I am ready to move forward while staying in place here in our home, enjoying this feeling of peace and possibility.
For a compassionate, intelligent exploration of related issues of mindfulness, attention as love, and letting go, read my friend and Zen priest Karen Maezen Miller’s lovely book, “Hand Wash Cold.” Karen, your wise messages are finally starting to sink in.
Chapel Hill and Raleigh are mourning the passing of Elizabeth Edwards this week. I’ve been surprised to see how her death has become national news as well. She was a beloved member of the community here in the Triangle. I had met her several times and found her to be a friendly and caring person. She was smart and passionate about public policy, and at the same time she really was another Mom you would run into at Target. I also have to admit I feel awkward writing about her because I became a truly disappointed and disillusioned John Edwards supporter after his campaign unraveled as a result of his own actions. But today my thoughts and prayers go out to the whole Edwards family, especially Elizabeth’s three grieving children. I know we’re all thinking about her young children, Emma Claire and Jack, who have lost their Mom, but I am sure her oldest daughter Cate will be going through an unbelievably hard time as well.
Meghan O’Rourke wrote a moving piece on Slate.com, “Elizabeth’s Legacy,” which I highly recommend.
I also connected with “Elizabeth Edwards made wise choice to go home” on CNN.com, about dying at home rather than in the hospital. We are so used to thinking about the fight and battle against cancer, that sometimes we forget that when the time comes to let go, it can be much more comforting to travel that path at home. My mother was on hospice care for the final three weeks of her life, and while I had heard good things about hospice, it was all in the abstract until I went through this experience with her. Having a team of nurses and a social worker focus only on her comfort, care and safety, on her terms, was a remarkable gift. Hospitals are the place to be if you have a chance to get better, but not a comfortable, familiar, peaceful environment to be in to pass on.
As for the cruel, intolerant people who are planning to disrupt Elizabeth’s funeral, I hate to even write about them, but the good news is in the counter-response. The Raleigh News & Observer reports today that there are up to 10 picketers registered and about 200 counter-picketers who will show up to form a protective shield around the church where Elizabeth’s memorial service will be taking place. I hope it will all stay very peaceful and that the Edwards-Anania families can grieve and pay their respects to Elizabeth, surrounded by friends and a supportive community.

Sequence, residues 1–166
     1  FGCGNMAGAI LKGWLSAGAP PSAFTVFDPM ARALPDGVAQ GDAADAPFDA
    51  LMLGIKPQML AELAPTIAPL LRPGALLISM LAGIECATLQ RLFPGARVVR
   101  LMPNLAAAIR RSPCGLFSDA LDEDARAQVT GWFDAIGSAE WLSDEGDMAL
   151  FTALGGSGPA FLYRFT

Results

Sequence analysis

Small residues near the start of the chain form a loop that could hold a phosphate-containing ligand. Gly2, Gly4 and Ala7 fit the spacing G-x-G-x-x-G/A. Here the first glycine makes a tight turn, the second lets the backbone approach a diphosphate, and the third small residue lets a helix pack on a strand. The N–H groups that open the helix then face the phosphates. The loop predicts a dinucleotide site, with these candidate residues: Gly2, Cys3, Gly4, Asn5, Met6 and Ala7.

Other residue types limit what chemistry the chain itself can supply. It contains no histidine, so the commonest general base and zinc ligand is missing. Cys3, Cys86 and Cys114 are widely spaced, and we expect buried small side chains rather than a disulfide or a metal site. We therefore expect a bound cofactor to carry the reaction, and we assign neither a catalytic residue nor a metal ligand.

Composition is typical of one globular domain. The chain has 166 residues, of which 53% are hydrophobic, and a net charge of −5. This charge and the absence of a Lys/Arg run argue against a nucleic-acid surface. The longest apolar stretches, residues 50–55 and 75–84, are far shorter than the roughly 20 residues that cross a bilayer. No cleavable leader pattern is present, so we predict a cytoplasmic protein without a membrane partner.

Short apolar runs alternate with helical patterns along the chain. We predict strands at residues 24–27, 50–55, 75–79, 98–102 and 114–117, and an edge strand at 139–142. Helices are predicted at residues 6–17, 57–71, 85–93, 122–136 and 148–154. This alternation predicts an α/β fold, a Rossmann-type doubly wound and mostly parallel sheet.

This whole fall, and especially since Thanksgiving, I’ve been thinking a lot about how to get through our first holidays without my Mom. I am posting a picture of us together at my Mojo Mom book launch in April 2009 to cheer myself up a little bit. I was really proud to have her be able to attend my author talk. She often babysat my daughter while I did my book talks, so it was really special to have her come to an event. This is one of my favorite pictures of us together:
To get through Thanksgiving I focused on being thankful for the family who were able to be with us, while remembering those whom we’ve lost. But what I am learning about grief is that it does not follow a timeline that is like most other things in society. We’re so used to experiencing events, or going through seasons, then moving on, lightning-quick. These days, the Christmas aisle is fully set up the day after Halloween, if not before! It has long been a pet peeve of mine that grinding consumerism creates a nearly unbroken cycle of spending and candy. (Remember when candy was an actual holiday treat?) But this year my emotional state is what is dominating my landscape, as I realize that grief will be a long process that needs to be honored and not rushed. I am trying to create a meaningful holiday without forcing myself to feel or act “jolly.” One part of that is conserving my energy and acknowledging that I already have a lot on my plate. The second part is figuring out what my family really does want to do to celebrate Christmas, and I to be honest I have not made a lot of progress on that one yet.
Since I need guidance more than I am able to create it this season, I wanted to share the following advice from Project Compassion a non-profit organization in based in Chapel Hill, NC, that creates community and provides innovative support for people living with serious illness, caregiving, end of life and grief. This piece is reprinted with their permission:
Hope for the Holidays: Living with Grief
The holidays are a traditionally seen as a time of joy and laughter, sparkle and glitter, sharing and gift-giving. But for people who are grieving, the holidays may be a time of mixed emotions, feelings of being overwhelmed with multiple demands, and a renewed reminder of losses. As the holidays approach, consider about how you take care of yourself during this time.
Helpful Hints for the Holidays
1. Acknowledge the Energy Needed for Grief
Adjustment to the death or dying of someone close to you does not simply come with time. The work of grief demands that you deal with all the feelings that loss engenders. This work takes psychic and physical energy that can leave you unable to deal with the extra demands of the holiday season.
2. Allow Yourself To Be Human